The 2019 ABCD 2.0 data release [36] includes baseline data for more than 11,800 children. To control for intra-scan head motion, in this study we included data (Table S1) from 10,712 children with available mean framewise displacement (FD) data corresponding to resting-state fMRI. A participant’s data were additionally excluded if brain segmentation did not pass ABCD quality control (QC) (N = 384), or demonstrated moderate or severe head motion (N = 992); miss sex (N = 1, defined at birth), age (N = 0), race/ethnicity (N = 14), weight or height (N = 21), FI bracket (N = 876), PED (N = 345), ADI: median FI (ADI, N = 640), or the cognitive total composite score from the NIH Toolbox (N = 354); or was an outlier for body mass index (BMI > 50; N = 6). Thus, a total of 2928 children were excluded, 705 of which meet more than one exclusion criterion. For the variables of interest (Supplementary Table 1), there were complete data for 7784 children, which were randomly split into Discovery and Validation samples of equal size (N = 3892) to assess the reproducibility of the results (Table 1). In addition, an independent group of 262 children (Normality sample) with missing PED but otherwise complete data was identified among excluded children in the ABCD dataset to perform tests of normality on the morphometric data.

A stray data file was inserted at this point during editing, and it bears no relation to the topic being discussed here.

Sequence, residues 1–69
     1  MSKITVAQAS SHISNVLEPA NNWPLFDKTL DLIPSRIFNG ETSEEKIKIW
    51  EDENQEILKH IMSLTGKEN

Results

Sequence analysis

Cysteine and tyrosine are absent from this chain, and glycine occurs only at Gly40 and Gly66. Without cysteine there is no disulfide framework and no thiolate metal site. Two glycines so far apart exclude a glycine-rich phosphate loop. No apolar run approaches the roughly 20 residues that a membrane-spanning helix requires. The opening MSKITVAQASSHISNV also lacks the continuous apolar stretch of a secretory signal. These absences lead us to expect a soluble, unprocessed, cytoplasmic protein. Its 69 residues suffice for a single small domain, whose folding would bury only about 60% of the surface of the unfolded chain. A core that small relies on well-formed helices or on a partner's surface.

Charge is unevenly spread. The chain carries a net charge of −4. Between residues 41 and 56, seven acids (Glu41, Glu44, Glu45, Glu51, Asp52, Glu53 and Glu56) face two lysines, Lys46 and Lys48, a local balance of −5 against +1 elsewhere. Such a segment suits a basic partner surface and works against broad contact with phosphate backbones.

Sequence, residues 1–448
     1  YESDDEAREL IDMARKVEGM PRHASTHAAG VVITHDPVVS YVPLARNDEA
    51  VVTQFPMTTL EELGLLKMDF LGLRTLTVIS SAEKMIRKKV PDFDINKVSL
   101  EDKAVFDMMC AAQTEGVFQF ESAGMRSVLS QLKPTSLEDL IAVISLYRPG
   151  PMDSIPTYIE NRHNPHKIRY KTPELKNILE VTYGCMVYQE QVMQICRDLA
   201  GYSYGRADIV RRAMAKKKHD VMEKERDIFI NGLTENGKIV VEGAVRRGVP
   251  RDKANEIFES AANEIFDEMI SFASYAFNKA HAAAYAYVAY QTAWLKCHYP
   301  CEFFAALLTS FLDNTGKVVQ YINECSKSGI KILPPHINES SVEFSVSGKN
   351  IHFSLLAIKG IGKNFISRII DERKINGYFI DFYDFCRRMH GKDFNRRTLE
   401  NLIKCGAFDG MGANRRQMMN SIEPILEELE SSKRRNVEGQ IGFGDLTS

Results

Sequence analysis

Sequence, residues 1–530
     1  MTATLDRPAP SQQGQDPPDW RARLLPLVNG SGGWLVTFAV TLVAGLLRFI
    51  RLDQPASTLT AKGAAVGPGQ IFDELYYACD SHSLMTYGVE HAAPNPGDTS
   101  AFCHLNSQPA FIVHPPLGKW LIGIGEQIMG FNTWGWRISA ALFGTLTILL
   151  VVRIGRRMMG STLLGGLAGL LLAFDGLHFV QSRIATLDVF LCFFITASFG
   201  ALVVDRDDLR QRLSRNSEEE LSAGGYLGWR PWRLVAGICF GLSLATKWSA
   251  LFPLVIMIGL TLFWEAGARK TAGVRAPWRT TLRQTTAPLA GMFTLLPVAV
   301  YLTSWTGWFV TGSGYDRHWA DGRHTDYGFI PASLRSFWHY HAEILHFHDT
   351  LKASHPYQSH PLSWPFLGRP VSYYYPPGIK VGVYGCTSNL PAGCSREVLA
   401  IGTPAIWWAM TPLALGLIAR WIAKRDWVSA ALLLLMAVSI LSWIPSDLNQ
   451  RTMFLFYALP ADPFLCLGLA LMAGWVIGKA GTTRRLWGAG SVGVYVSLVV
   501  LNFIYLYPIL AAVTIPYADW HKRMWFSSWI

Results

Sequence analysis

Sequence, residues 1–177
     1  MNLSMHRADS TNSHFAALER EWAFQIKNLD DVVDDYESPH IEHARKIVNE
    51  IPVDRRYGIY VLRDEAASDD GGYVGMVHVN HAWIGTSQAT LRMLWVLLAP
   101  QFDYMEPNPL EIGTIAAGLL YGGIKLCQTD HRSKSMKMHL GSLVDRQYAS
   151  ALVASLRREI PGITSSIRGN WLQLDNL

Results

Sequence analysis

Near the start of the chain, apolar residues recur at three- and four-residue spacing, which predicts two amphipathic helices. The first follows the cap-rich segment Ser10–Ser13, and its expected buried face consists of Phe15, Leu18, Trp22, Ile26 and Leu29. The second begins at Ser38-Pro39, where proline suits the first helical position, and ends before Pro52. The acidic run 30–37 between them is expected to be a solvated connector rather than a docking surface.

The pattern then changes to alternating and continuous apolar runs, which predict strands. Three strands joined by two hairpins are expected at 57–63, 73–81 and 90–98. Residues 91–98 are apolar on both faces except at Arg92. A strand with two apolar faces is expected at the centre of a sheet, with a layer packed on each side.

Table 1 Characteristics of the Discovery and Validation ABCD samples.

Residential history data

Fifteen additional ADI dimensions (education, household disparity, median home, rent and mortgage values, percentages of homeowners, families living in poverty and crowdedness, unemployment, singles, homes without car and telephone, and population density) and three uniform crime reports (total crime, DUI, and drug abuse) were extracted from residential history-derived scores to assess neighborhood deprivation and safety.

Behavioral data